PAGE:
Excel Parsing Intro in C#

Handling Excel files in C# is facilitated by several popular libraries, each offering different features and capabilities. This article will primarily focus on EPPlus, but let's briefly cover some of the main libraries:

  • EPPlus: A powerful and popular library for reading and writing Excel files. It provides features like support for different data types, handling various Excel formulae, generating charts and pivot tables programmatically, and working with .xlsx files using the Office Open XML specification. It does not support the older .xls format.
  • NPOI: Another feature-rich library that provides extensive functionality for manipulating Excel, Word, and PowerPoint files. Unlike EPPlus, it supports both .xls and .xlsx formats. However, it can be more complex to use and may be overkill for simple Excel processing tasks.
  • ClosedXML: This library provides an easier-to-use API than EPPlus and NPOI for basic tasks and also supports .xlsx files based on the Open XML specification. While not as feature-rich as the others, it can be a good choice for simpler tasks that don't require advanced features.
  • Microsoft.Office.Interop.Excel: This is a library provided by Microsoft that enables interaction with Excel by using the same object model that Visual Basic for Applications (VBA) uses. This means that most operations that can be performed in Excel can also be done in C# through this library. However, it requires an installed version of Excel on the machine where the code runs and can be slower and more resource-consuming than other libraries.

Working with EPPlus

EPPlus works with .xlsx files and uses the Office Open XML specification. Similar to CSV parsing, we define a data holder class that represents the structure of our data in the Excel file. For instance:

public class ExcelRecord {

    public string Name { get; set; }

    public float FieldFloat { get; set; }

    public int FieldInt { get; set; }

Then, we can define a function to read the Excel file using the ExcelPackage class provided by EPPlus:

public IList<ExcelRecord> ParseExcelFile(string filePath) {
    var excelRecords = new List<ExcelRecord>();
    using var package = new ExcelPackage(new FileInfo(filePath));
    var worksheet = package.Workbook.Worksheets[0]; // gets the first worksheet

    int rowCount = worksheet.Dimension.Rows;

    for (int row = 2; row <= rowCount; row++)
        excelRecords.Add(new ExcelRecord
            Name = worksheet.Cells[row, 1].Value.ToString(),
            FieldFloat = float.Parse(worksheet.Cells[row, 2].Value.ToString()),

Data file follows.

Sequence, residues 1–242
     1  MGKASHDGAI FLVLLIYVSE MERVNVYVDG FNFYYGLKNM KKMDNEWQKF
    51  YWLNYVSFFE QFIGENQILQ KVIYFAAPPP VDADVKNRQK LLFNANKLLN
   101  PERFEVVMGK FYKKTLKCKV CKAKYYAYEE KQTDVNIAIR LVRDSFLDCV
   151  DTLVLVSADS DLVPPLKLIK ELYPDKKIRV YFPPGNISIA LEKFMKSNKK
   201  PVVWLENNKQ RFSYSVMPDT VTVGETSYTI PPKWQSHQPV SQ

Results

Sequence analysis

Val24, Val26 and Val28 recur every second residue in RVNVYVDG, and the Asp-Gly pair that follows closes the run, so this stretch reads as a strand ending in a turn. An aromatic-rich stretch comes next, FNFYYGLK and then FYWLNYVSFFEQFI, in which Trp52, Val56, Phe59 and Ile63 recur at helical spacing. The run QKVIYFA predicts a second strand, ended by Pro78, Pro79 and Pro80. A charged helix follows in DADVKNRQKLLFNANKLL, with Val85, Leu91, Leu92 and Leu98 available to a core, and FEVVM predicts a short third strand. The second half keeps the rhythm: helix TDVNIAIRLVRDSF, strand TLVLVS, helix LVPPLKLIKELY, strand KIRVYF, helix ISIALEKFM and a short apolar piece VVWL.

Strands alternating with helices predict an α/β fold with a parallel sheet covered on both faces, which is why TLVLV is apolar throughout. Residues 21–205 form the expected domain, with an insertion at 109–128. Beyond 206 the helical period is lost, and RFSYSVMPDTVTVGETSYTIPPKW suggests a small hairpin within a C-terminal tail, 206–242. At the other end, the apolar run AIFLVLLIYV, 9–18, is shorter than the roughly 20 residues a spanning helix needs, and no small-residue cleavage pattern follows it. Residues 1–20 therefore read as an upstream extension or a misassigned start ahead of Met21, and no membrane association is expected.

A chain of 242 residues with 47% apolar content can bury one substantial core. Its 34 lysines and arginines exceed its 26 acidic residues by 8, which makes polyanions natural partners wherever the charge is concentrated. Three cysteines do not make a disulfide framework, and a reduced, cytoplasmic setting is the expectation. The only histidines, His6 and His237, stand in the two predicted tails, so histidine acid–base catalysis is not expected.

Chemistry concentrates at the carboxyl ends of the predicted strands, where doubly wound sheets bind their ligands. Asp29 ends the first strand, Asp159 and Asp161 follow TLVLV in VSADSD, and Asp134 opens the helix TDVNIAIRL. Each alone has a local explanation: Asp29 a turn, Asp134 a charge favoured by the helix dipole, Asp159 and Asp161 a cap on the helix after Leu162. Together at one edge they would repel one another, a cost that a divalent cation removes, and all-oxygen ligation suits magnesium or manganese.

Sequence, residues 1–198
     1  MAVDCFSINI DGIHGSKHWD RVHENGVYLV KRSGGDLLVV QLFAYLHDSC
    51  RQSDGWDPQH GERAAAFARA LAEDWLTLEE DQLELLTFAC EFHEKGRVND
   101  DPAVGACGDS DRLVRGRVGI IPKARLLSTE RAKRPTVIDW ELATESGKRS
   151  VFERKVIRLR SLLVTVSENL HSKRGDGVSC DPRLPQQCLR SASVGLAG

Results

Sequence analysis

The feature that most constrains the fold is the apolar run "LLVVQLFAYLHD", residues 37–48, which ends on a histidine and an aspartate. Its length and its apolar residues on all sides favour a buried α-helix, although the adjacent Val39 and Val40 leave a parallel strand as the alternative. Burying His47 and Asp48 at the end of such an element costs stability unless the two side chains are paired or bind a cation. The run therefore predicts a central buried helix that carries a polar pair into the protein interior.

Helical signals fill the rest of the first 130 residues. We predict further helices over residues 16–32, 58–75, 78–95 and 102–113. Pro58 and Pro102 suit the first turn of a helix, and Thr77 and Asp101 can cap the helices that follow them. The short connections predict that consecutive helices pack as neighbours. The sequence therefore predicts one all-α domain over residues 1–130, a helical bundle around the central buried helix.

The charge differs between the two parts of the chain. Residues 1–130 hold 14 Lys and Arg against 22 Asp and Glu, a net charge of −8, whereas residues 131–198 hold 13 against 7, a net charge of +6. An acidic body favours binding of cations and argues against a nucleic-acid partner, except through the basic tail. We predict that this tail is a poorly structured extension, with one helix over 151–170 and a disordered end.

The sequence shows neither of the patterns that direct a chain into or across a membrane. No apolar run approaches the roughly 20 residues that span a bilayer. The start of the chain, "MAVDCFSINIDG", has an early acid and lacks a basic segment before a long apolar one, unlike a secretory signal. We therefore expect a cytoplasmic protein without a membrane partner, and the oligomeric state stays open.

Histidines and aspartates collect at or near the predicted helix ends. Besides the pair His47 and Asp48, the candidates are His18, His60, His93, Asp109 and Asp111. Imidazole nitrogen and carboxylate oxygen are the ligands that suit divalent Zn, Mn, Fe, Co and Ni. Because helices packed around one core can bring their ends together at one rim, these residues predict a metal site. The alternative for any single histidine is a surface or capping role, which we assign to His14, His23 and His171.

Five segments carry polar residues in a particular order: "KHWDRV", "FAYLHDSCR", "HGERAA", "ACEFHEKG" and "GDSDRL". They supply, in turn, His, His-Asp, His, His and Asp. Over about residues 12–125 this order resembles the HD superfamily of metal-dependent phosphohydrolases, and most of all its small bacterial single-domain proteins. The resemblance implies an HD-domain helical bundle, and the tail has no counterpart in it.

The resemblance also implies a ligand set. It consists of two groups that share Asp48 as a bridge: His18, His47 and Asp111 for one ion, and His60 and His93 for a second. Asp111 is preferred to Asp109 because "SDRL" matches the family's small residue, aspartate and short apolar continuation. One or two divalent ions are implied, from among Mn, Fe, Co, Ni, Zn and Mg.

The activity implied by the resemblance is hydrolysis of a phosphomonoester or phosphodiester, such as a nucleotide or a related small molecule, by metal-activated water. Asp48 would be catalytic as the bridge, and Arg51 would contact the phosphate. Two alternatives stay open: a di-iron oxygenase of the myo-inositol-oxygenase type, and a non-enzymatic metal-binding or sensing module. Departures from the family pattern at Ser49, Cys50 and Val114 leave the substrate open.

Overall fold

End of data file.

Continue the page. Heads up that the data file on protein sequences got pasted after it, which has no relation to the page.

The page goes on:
FieldInt = int.Parse(worksheet.Cells[row, 3].Value.ToString())

    return excelRecords;
  • The ExcelPackage class provides methods to interact with the Excel file
  • The Workbook property of an ExcelPackage object represents the Excel file
  • Worksheets collection contains all the sheets in the file

We loop through each row in the worksheet starting from row 2 (assuming the first row contains headers), and create an ExcelRecord object for each row.

If Excel file has multiple worksheets, you can access them by their index or name, like so:

var firstWorksheet = package.Workbook.Worksheets[0];
var namedWorksheet = package.Workbook.Worksheets["Sheet1"];

Working with Microsoft.Office.Interop.Excel

Microsoft.Office.Interop.Excel, often referred to as Interop, provides a lower-level way to interact with Excel. It offers full control over Excel's features but can be more complex to use. It requires Excel to be installed on the user's machine.

Here's a simple example of reading data from an Excel worksheet using Interop:

var excelApp = new Microsoft.Office.Interop.Excel.Application();
var workbook = excelApp.Workbooks.Open("C:\\Path\\To\\Your\\File.xlsx");
var worksheet = (Microsoft.Office.Interop.Excel.Worksheet)workbook.Sheets[1]; // Index starts at 1
var range = worksheet.UsedRange; // This represents the used range of the worksheet
for (int row = 1; row <= range.Rows.Count; row++)
for (int col = 1; col <= range.Columns.Count; col++)
var cellValue = ((Microsoft.Office.Interop.Excel.Range)range.Cells[row, col]).Value2;


Note that proper cleanup of COM objects is critical when using Interop to prevent memory leaks and lingering Excel processes.

In the next articles, we will delve deeper into the features offered by these libraries, including handling different data types, reading from multiple worksheets, and writing data to Excel files.